Null control block
(use_count() == 0)
Non-null control block
(use_count() != 0)
Null stored pointer
Empty Phantom
Non-null stored pointer
Indulgent Full

Note that phantom shared pointers are falsy, and indulgent shared pointers are truthy. I couldn’t think of a synonym for indulgent that begins with a “t”, sorry.

In code, we can detect the four cases by using use_count() and get() (or equivalently, converting to bool).

void detect(std::shared_ptr<T> const& p)
    bool has_control_block = p.use_count();
    bool has_pointer = p.get();
    // equivalently, has_pointer = static_cast<bool>(p);

    if (has_control_block && has_pointer) {
        // full
    } else if (has_control_block && !has_pointer) {
        // phantom
    } else if (!has_control_block && has_pointer) {
        // indulgent
    } else { // !has_control_block && !has_pointer)
        // empty

1 comment

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  • 紅樓鍮 0

    It’s unfortunate that use_count() costs an atomic load, which probably inhibits optimizations such as constant propagation as well. In fact, C++ Reference notes on its page on unique_ptr::use_count that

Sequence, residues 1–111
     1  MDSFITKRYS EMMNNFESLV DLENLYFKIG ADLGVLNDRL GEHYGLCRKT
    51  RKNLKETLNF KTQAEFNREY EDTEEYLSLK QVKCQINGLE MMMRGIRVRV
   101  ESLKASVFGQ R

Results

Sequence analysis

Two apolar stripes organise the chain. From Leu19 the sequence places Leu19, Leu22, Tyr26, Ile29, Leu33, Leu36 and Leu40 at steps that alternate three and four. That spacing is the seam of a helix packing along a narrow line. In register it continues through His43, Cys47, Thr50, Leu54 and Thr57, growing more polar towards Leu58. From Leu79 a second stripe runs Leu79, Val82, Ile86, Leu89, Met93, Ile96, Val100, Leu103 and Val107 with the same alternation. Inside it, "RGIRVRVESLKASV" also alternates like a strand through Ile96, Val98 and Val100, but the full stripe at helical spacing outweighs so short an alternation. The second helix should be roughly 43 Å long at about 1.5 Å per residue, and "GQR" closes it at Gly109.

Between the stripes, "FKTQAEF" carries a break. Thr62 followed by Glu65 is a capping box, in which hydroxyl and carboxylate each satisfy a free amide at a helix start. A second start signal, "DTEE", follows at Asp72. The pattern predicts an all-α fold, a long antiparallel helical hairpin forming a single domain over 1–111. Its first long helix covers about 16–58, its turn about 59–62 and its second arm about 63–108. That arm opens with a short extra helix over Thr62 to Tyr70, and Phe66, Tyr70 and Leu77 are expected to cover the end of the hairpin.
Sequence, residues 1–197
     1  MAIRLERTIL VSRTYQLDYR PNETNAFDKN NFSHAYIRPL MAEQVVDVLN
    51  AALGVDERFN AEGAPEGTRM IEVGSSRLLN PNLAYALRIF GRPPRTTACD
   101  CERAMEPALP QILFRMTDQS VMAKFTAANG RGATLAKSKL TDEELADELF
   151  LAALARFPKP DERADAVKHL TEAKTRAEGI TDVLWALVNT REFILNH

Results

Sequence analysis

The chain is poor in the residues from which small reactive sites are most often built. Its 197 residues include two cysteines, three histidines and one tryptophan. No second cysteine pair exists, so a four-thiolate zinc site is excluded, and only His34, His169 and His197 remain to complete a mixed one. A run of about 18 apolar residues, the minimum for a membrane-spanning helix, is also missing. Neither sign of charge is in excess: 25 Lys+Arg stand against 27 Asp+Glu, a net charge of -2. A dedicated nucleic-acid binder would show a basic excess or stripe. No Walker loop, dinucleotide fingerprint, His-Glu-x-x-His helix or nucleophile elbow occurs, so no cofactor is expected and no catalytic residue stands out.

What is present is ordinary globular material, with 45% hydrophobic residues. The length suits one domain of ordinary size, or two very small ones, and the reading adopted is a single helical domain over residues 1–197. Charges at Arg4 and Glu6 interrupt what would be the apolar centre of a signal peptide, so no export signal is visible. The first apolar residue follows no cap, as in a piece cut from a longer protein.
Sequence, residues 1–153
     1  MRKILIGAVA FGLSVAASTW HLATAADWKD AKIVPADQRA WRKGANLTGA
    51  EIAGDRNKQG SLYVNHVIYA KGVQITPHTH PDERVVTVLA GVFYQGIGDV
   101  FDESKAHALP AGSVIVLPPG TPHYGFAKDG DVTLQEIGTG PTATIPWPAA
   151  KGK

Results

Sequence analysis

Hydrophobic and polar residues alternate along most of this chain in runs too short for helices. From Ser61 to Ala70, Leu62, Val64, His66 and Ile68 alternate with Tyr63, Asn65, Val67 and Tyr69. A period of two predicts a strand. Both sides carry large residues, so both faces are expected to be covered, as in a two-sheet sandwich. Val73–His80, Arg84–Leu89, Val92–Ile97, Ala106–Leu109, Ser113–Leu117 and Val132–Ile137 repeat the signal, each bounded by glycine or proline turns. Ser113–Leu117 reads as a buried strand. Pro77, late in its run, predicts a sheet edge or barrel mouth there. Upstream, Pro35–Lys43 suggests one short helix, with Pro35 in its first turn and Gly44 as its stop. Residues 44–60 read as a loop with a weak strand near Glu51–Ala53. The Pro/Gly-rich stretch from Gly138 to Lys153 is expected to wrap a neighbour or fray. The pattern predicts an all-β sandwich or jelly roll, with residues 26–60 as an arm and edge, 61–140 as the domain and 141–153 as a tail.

Common use cases include

    • comparison with 0. …
    • comparison with 1. …

    Furthermore, comparison with 1 is generally useless since if you find yourself tempted to do this, what you actually want to do is probably somehow “turn the shared_ptr into a unique_ptr” in a thread-safe manner, which, in the presence of possible concurrent weak_ptr promotions, cannot be accomplished using the current interface of shared_ptr. I think the 2 common use cases of use_count() should therefore be better served by

    // A deleter that points to a control block used by the `shared_ptr` facility.
    // When called, It ignores the argument pointer
    // and makes the control block delete its managed object.
    class shared_ptr_deleter;
    template <typename T>
    class shared_ptr {
      // Returns `true` if the `shared_ptr` manages an object.
      constexpr bool is_owning() const noexcept;
      // Acquire the control block on condition that there are no other
      // `unique_ptr`s currently managing the same object.
      // If the condition is met, the reference count is decremented to 0
      // but the object is not deleted, and the stored pointer and
      // the control block pointer are used to construct the returned
      // `unique_ptr<T, shared_ptr_deleter>`.
      // If the condition is not met, both the returned `unique_ptr`
      // and its deleter are null.
      // The behavior of calling this member function on a
      // non-owning `shared_ptr` is unspecified.
      unique_ptr<T, shared_ptr_deleter>
      try_into_unique_ptr() && noexcept;
      // Similar to `try_into_unique_ptr`, but blocks until its condition is met.
      unique_ptr<T, shared_ptr_deleter>
      into_unique_ptr(/* timeout parameters... */) && noexcept;
      /* ... */